For the second time in a week, the rare, serpentine oarfish has surfaced on a Southern California beach.
Beach goers at Oceanside Harbor crossed paths Friday afternoon with the deep-sea monster when its carcass washed ashore, Oceanside Police Officer Mark Bussey said. The fish measured 13 ½ feet long. The discovery came just days after an 18-foot dead oarfish was found in the waters off Catalina Island. 
“The call came out as a possible dead whale stranded on the beach, so we responded and saw the fish on the sand right as it washed up,” Bussey said.
Oceanside police then contacted SeaWorld San Diego, the Scripps Research Institute and the National Oceanic and Atmospheric Administration. Suzanne Kohin of NOAA Fisheries Serivice responded, measured and took possession of the oarfish for research, Bussey said. He further added that people on the beach were “flabbergasted” to see the fish.
“It’s not the typical fish you see on shore,” he said, adding the oarfish probably weighed over 200 pounds. The fish was far too big for Santana to carry alone; it took 15 people to bring the beast to shore.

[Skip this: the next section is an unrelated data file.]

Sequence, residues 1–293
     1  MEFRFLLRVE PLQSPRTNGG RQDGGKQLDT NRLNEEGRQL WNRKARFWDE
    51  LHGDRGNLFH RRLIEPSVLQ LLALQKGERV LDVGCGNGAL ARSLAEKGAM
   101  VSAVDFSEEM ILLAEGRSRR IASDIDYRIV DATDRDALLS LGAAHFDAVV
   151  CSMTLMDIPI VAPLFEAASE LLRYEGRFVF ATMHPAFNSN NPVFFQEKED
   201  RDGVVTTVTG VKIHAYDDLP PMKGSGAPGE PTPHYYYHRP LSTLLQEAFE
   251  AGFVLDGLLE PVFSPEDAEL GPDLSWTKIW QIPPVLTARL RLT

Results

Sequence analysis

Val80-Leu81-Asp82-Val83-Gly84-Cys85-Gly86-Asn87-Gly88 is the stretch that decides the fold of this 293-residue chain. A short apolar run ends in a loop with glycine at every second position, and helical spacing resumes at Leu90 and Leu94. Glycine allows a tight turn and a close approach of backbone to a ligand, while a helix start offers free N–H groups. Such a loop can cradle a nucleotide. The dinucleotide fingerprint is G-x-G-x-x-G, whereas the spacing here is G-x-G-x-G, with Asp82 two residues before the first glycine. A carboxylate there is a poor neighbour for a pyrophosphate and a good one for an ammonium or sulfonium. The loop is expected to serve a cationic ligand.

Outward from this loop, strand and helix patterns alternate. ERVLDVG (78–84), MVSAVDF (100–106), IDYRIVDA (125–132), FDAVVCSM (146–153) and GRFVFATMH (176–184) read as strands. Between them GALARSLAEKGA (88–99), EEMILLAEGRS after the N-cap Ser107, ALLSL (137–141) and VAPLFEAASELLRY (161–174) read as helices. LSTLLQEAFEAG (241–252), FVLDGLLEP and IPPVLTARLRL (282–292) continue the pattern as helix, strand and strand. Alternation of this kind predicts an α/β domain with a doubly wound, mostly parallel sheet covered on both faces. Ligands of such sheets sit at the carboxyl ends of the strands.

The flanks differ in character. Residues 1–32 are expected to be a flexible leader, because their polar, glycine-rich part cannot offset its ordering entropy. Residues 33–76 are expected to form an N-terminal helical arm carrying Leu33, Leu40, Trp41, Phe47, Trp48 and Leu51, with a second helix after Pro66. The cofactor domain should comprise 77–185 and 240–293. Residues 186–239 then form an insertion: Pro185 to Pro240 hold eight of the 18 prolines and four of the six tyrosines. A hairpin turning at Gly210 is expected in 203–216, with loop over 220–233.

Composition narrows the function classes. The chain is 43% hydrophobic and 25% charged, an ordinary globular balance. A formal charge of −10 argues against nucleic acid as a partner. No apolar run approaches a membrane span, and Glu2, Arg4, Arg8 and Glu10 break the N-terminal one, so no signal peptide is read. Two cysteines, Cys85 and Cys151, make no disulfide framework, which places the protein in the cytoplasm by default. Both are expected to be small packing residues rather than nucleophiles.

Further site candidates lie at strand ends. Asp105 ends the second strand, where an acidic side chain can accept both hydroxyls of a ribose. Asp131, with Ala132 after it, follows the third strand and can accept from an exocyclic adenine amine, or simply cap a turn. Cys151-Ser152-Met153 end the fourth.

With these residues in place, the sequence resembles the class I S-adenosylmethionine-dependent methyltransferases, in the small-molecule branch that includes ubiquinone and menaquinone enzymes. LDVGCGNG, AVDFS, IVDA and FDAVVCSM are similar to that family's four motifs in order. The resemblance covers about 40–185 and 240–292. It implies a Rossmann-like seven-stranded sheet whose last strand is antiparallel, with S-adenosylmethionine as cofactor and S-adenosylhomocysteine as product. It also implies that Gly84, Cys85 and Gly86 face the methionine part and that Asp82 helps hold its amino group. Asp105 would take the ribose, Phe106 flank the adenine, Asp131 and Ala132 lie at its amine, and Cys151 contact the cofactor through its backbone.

But these two massive fish are puny by oarfish standards, according to the NOAA. The oarfish is the largest bony fish in the sea and can grow over 50 feet in length. Very little is known about the species, since it usually is found hundreds, if not thousands of feet below the surface, reaching depths up to 3,000 feet.

http://en.wikipedia.org/wiki/Oarfish

odditiesoflife:

Second Rare Oarfish Washes Ashore in Southern California

For the second time in a week, the rare, serpentine oarfish has surfaced on a Southern California beach.

Beach goers at Oceanside Harbor crossed paths Friday afternoon with the deep-sea monster when its carcass washed ashore, Oceanside Police Officer Mark Bussey said. The fish measured 13 ½ feet long. The discovery came just days after an 18-foot dead oarfish was found in the waters off Catalina Island. 

“The call came out as a possible dead whale stranded on the beach, so we responded and saw the fish on the sand right as it washed up,” Bussey said.

Oceanside police then contacted SeaWorld San Diego, the Scripps Research Institute and the National Oceanic and Atmospheric Administration. Suzanne Kohin of NOAA Fisheries Serivice responded, measured and took possession of the oarfish for research, Bussey said. He further added that people on the beach were “flabbergasted” to see the fish.

“It’s not the typical fish you see on shore,” he said, adding the oarfish probably weighed over 200 pounds. The fish was far too big for Santana to carry alone; it took 15 people to bring the beast to shore.

But these two massive fish are puny by oarfish standards, according to the NOAA. The oarfish is the largest bony fish in the sea and can grow over 50 feet in length. Very little is known about the species, since it usually is found hundreds, if not thousands of feet below the surface, reaching depths up to 3,000 feet.